Saturday, February 07, 2009

My Beloved Käthe Kruse Doll


My mother loved this doll before she ever knew me, and I loved this doll before I ever knew my own daughters.

I was only allowed to play with this doll on very rare occasions. Most of the time it sat on a shelf near Mom's vanity, so my fond memories of Mom meticulously applying her make-up and doing her hair (just like Jackie Kennedy, as I recall) included the vision of Käthe Kruse in the background -- always graceful, always beautiful, and always slightly mysterious.


Käthe has real human hair, which always creeped me out a little, but never prevented me from begging Mom to allow me to braid her hair just this once, just today... please?

But Mom always replied that I should play with Goldilocks' hair instead. Goldilocks was a plastic American doll that I was given when I was seven and like a bad mother, I always felt guilty that I couldn't love Goldilocks as deeply as I loved Käthe, because while Goldilocks was pretty, Käthe was exquisite, and her inaccessibility even made her more perfect in my eyes.


I always wished that I could look like Mom's Käthe Kruse doll and the fact that my beautiful cousin, Anya, did look like the doll just fueled an irrational jealousy that permeated my childhood and lasted even into adulthood.

Mom's Käthe Kruse doll never lived in my room as I was growing up and she didn't live in my house during most of my adulthood. It was only after Mom's death in 2004 that I was given permission to take Käthe down from atop the tall mahogany wardrobe that looked upon Mom's deathbed and lovingly bring her home to live with me and my daughters.


Käthe lives on my oak dresser now. My daughters have never begged to brush her hair or dress her in a different outfit (of which there are many -- some original, some sewn by Mom when I was young and some, like what she now wears, a relatively recent gift from Mom's German friend). Neither of my daughters has loving and longing memories of this beautiful doll from the heart and mind of a young girl and so, when I die and leave Käthe behind (to which daughter? now there's a conundrum!), their memories won't be filled with emotion, as mine are.

I realized, as I wrote this entry, that I don't know much about how Mom came to own her Käthe Kruse doll. Did her mother give her the doll? (Not likely, as her mother was, from all I've heard, far from lovingly maternal.) Did the doll belong, perhaps, to my grandmother? Or is it newer, something that Mom acquired as a young adult -- and why? I wish I could call and ask her, but alas, she's as mute as Käthe.*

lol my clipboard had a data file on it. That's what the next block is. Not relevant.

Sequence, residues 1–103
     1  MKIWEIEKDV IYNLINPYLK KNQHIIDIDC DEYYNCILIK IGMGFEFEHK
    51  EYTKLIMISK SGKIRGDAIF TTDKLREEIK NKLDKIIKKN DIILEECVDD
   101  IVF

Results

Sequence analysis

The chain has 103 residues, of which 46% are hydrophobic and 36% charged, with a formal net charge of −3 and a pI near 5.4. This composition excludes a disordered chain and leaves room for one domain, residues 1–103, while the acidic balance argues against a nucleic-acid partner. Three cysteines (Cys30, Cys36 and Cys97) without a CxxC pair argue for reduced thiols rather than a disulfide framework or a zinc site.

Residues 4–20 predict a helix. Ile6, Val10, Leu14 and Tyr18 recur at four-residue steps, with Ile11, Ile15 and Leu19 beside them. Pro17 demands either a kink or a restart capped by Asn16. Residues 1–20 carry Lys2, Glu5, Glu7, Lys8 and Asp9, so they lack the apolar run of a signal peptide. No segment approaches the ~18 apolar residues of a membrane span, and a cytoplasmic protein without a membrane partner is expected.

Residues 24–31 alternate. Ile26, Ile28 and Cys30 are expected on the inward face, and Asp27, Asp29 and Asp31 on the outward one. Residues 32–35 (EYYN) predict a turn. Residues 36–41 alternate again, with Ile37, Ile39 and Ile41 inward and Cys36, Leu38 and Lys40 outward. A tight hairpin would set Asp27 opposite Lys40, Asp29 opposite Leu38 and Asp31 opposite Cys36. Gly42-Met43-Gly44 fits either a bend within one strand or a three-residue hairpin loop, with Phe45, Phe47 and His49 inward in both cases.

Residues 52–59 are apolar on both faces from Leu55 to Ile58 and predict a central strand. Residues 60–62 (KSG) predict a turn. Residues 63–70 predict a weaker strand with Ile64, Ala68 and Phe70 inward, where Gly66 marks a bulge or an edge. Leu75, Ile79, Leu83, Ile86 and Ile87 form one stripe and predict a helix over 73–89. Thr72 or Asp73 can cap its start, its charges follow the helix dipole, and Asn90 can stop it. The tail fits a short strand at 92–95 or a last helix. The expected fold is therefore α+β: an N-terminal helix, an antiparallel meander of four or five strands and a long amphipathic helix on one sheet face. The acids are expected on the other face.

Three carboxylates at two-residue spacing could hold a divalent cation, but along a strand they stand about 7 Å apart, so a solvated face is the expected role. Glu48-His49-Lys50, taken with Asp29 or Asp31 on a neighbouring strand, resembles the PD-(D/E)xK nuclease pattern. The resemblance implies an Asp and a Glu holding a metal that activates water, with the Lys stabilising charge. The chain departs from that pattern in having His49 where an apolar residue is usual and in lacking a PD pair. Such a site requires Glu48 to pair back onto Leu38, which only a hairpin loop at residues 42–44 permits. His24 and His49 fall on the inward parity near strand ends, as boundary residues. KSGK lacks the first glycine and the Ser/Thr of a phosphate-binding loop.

*Upon talking to Dad, I learned that a guy who had a crush on Mom gave it to her as a wedding present!

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Anonymous said...

My thought is that you just might have a granddaughter or two someday who will admire Kathe like you did and someday, way in the future, they could inherit the doll with a whole new set of memories along with it.

Anonymous said...

What an odd wedding present! Having two sons, I found that the daughter-in-laws are much more interested in our family history. I already passed on items that were very special to my mom to them, giving them a little written history to go along with the items. Since none of those items are valuable, I wanted to make sure they were treasured and not thrown out after I'm gone.

jennifer said...

My mother-in-law's name is Kruse. I guess it's a moderately common German name... is there some significance to the doll's last name? A famous doll maker's name perhaps?

Great story!

vailian said...

What an amazing doll! When you are next in Germany, you must visit her villa on the island of Hiddensee (that magical place)
It has been abandoned for years (was used as a Stasi school) and is now being split up as a condominium (you could even buy one of the apartments if you want)

Lorrene said...

I have always loved dolls. Especially old ones such as yours. What a beautiful doll.

vailian said...

Sorry, I meant to make it clear that the villa "Lietzenburg" on the island of Hiddensee was built by Käthe Kruse for her family.
I have been to the island nearly every year for the past 5 years, it has the best beaches in Germany and no motor vehicles (it is bikes and horse carriages).

Anonymous said...

What a wonderful post... I came to know Kathe Kruse dolls because I started selling her in my toy store. There was no turn around since the first time I laid my hands on these dolls and pulled my fingers through the hair. It stirred emotions that I last experienced as a little girl. My mom (who was living with me) could never wait for the new shipment of Kathe Kruse dolls. Kathe Kruse also makes an adorable pink bunny (Bunny Girl). I gave my mom one of these Bunnies for Christmas 2008 - she always hugged them and commented on how this was just the kind of toy she would have played with for hours as a child. A few months later my mom passed away and this Bunny is now mine. What fond memmories...

Silke said...

I too have a Käthe Kruse doll, with real human hair. She is unusual in that she also has the Schildkröte mark on her back. My one regret is that I brushed her lovely hair so many times when I was little that her wig is a bit thin.

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